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Cheating – Civil Liability vs. Criminal Liability.

चार सौ बीस!  We often hear this term in every nook and cranny of our Nation whenever someone talks of cheating. The term ‘चार सौ बीस’ depicts a legal argot adapted in a simple form. What is cheating? Is it a civil wrong or a criminal wrong? What difference does it make if it’s either of the two? Is it a bailable offense or a non-bailable offense?

Cheating, in simpler terms, can be explained as to deprive someone of something valuable by the use of deceit or fraud or to influence or lead by deceit, trick or artifice. Cheating can be considered as both; Civil wrong and as well as a Criminal wrong.

Before diving deeper into the topic of cheating, let us first understand what the different kinds of laws are.

Criminal Law vs Civil Law

The code of the lands are often classified into different parts, but the two main classifications of any codes are; criminal and civil. Criminal Laws regulate crimes or the wrongs that have been committed against the State, whereas Civil Laws regulate disputes between the private parties, it is also known as private law.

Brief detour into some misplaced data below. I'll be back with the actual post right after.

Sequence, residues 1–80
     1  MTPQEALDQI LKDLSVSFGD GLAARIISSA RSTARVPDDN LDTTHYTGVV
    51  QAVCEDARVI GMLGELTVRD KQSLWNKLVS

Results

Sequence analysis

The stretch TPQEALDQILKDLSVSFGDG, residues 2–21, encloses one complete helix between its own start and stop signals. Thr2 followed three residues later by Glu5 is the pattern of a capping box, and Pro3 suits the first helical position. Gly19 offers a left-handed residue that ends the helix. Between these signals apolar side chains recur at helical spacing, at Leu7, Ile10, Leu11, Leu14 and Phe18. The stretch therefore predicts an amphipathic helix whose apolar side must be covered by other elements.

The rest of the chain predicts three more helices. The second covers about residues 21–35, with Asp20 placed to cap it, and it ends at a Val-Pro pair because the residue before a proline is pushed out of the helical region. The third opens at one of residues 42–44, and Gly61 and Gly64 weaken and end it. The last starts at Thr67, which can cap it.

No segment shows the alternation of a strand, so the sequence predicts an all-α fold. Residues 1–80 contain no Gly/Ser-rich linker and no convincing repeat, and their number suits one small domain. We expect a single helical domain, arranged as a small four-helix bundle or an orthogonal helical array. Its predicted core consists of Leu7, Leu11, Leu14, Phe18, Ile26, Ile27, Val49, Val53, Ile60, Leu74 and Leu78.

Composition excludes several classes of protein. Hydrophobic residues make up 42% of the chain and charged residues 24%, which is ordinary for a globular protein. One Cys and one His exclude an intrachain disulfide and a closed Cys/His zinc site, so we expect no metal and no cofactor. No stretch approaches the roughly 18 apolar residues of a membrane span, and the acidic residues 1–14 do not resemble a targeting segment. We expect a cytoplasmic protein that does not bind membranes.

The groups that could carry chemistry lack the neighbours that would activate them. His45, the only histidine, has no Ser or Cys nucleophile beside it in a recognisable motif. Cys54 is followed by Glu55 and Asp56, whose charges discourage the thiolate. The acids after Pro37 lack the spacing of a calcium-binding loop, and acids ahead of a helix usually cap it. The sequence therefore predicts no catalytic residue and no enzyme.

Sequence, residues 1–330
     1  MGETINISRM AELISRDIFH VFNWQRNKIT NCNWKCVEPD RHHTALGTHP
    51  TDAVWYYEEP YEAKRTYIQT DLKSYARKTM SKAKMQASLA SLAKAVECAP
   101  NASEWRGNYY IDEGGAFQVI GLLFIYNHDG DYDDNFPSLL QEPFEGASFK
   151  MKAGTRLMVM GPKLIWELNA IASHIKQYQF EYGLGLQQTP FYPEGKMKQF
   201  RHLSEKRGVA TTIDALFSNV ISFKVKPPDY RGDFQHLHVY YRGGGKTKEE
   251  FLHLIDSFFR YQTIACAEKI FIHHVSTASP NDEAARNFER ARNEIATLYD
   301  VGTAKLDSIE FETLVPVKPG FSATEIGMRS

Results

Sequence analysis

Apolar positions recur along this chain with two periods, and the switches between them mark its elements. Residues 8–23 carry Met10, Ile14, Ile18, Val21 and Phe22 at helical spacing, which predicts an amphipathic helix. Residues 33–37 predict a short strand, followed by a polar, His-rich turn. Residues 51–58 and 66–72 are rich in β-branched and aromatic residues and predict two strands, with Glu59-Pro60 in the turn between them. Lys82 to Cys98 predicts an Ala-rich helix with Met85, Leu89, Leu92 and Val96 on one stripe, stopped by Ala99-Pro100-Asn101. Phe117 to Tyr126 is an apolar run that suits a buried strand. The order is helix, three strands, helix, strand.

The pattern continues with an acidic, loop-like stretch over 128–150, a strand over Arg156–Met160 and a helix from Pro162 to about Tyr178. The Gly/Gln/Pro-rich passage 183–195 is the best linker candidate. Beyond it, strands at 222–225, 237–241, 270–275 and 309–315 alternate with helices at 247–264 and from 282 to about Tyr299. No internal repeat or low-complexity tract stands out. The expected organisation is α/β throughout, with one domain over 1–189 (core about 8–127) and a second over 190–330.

A civil action is a lawsuit filed by any private person and not the state against another private person. Ordinarily, these lawsuits seek monetary damages for the injury, harm, or loss that the party suing alleges the party sued caused. Defendant losing a civil action doesn’t attract risk of prison or fines. In contrast, a criminal action is the prosecution of a person by the State for violating the provisions of criminal code. The defendant attracts the risk of prison, fine or other terms of punishment in case the charges imposed upon him are found to be true.

चार सौ बीस!

Cheating as per the Section 415 of the Indian Penal Code, 1860, means whoever, by deceiving any person, fraudulently or dishonestly induces the person so deceived to deliver any property to any person, or to consent that any person shall retain any property, or intentionally induces the person so deceived to do or omit to do anything which he would not do or omit if he were not so deceived, and which act or omission causes or is likely to cause damage or harm to that person in body, mind, reputation or property, is said to cheat. In simpler words, dishonest concealment of facts is deception within the meaning of this section.

Let us understand the concept of cheating with the help of some examples.